1/2 teaspoon salt
2 1/2 cups milk
1 teaspoon vanilla
1 teaspoon lemon or orange zest
1/2 teaspoon ground nutmeg
1/2 teaspoon ground cinnamon
1 uncooked pie crust for 9" pie pan


Preheat oven 425 degrees F.
Lay 1 uncooked pastry shell on a pie pan. Crimp the sides. Put in the refrigerator while mixing the filling.

Beat the eggs lightly and add milk, sugar, salt, lemon or orange zest, and vanilla. Mix to combine thoroughly by hand.

Pour into uncooked pastry on a pie pan. Sprinkle with nutmeg and cinnamon. Put in the oven at 425 degrees F for 15 minutes and cover with aluminum foil to prevent browning of crust.

Lower temp to 350 degrees and bake for 45 minutes degree F until cooked. Test for doneness, by inserting a toothpick on the center of custard pie. If toothpick comes out clean, pie is cooked.

Cool for 30 minutes before slicing.

*Kitchen tested by Author on May 30, 2008

Wednesday, May 28, 2008

Pate Brisee Pie Crust Recipe

2 1/2 cups all-purpose flour
1 teaspoon salt
1 teaspoon sugar
1 cup cold unsalted butter - cut into 1/2" cubes
4 to 6 tablespoons cold iced water

Mix flour, salt, and sugar in a food processor. Pulse to mix.
Add butter and pulse to mix. Do not over pulse.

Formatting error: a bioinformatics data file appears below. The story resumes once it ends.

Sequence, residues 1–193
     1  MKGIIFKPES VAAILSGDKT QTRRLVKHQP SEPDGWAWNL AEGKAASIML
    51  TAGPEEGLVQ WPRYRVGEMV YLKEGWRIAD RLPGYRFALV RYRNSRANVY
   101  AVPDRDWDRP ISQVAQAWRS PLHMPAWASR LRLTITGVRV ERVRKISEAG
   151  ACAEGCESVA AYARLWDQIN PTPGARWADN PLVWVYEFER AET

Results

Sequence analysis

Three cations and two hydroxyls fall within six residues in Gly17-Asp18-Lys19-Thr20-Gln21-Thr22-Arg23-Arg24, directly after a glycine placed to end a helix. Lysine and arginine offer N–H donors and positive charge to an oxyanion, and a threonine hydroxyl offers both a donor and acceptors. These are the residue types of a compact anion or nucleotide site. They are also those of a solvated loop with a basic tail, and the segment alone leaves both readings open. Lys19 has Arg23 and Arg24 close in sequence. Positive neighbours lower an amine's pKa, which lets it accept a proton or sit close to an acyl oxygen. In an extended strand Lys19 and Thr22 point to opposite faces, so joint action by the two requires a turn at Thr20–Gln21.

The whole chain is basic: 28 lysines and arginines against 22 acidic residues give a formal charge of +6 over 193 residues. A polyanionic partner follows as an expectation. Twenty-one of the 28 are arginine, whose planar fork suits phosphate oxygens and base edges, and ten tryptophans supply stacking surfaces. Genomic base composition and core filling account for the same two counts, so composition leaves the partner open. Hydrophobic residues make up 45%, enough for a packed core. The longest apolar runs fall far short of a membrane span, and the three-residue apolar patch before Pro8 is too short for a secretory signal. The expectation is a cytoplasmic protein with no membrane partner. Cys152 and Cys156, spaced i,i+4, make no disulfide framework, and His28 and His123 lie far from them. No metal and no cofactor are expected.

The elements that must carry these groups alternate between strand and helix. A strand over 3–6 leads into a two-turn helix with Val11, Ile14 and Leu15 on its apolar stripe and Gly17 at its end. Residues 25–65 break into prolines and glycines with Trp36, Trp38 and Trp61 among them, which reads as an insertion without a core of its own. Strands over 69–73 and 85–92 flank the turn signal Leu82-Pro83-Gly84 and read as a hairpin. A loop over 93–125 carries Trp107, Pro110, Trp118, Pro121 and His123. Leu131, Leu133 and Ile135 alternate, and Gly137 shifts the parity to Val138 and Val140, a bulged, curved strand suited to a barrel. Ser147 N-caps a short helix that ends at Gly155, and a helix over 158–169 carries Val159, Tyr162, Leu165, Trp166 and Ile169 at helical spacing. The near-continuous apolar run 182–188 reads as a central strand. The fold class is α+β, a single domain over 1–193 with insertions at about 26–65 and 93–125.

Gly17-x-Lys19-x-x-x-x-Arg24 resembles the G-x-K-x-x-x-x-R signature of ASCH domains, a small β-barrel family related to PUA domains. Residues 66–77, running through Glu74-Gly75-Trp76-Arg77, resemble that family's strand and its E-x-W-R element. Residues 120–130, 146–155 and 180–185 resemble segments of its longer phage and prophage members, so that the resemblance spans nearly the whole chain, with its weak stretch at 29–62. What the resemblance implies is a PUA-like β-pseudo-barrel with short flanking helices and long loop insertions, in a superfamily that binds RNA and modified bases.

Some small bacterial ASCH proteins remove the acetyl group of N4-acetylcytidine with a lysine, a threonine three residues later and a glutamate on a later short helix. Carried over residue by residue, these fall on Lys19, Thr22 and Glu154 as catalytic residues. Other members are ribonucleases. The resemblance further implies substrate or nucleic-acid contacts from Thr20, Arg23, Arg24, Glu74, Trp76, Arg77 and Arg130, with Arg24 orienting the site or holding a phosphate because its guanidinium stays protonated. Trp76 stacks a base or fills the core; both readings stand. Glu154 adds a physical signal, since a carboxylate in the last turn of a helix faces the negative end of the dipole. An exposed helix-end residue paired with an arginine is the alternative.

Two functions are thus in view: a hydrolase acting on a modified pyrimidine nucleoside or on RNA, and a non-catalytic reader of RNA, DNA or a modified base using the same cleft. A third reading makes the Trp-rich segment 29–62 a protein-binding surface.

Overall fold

Add iced water 1 tablespoon at a time, until mixture binds together and mixture forms into pea-size.
Test by pinching with your fingers the dough and it should bind together. If not, add a little more icy cold water and pulse mix again. Do not over pulse-mix.
Remove dough from machine and place in a clean surface to knead.  Sprinkle surface with flour and lightly knead dough. 
Form into two round flat dough. Do not over knead. Sprinkle a small amount of flour on the two round dough.
Wrap the two dough in separate plastic food wrap and keep in the refrigerator for at least one hour before baking. The dough will keep for two days.

*Makes 2 uncooked Pastry Shell
*Kitchen Tested by Author on May 29, 2008
*Edited by author 05/14/2011

Wednesday, May 21, 2008

Banana Nut Bread

2 cups all-purpose flour
2 teaspoons baking powder
1 teaspoon baking soda
1 teaspoon salt
1/2 cup butter
3/4 cup granulated sugar
2 eggs
1/4 cup milk
3 ripe mashed bananas
1 cup chopped nuts (walnut, pecan, etc.)

Preheat the oven to 350 degrees F.
Grease and flour a loaf pan size 9 1/2" X 5 1/2".

Sift the flour, baking soda, baking powder, and salt and mix together. Cream butter with the sugar until well blended and add the eggs and milk. Beat well until creamy. Add the dry ingredients a little at a time to the egg mixture and beat on medium speed. Fold in  the bananas and then the nuts until well distributed. Pour into the loaf pan. Bake in the oven for 45 minutes to an hour or until done. To test for doneness, insert a toothpick in the center of the bread. Toothpick should come out clean when done. Cool in a rack for 25 minutes before slicing.

To serve, slice 1/2 inch of the bread and put on a center of a serving plate with one scoop of vanilla ice cream and throw in some fruits like blueberries, strawberries, rspberries, etc.

*Kitchen Tested by author on May 21, 2008
*Second kitchen tested by author on 01/30/2011
*Edited by author 01/27/2011
*Approved for Publication

Contact Form


Email *

Message *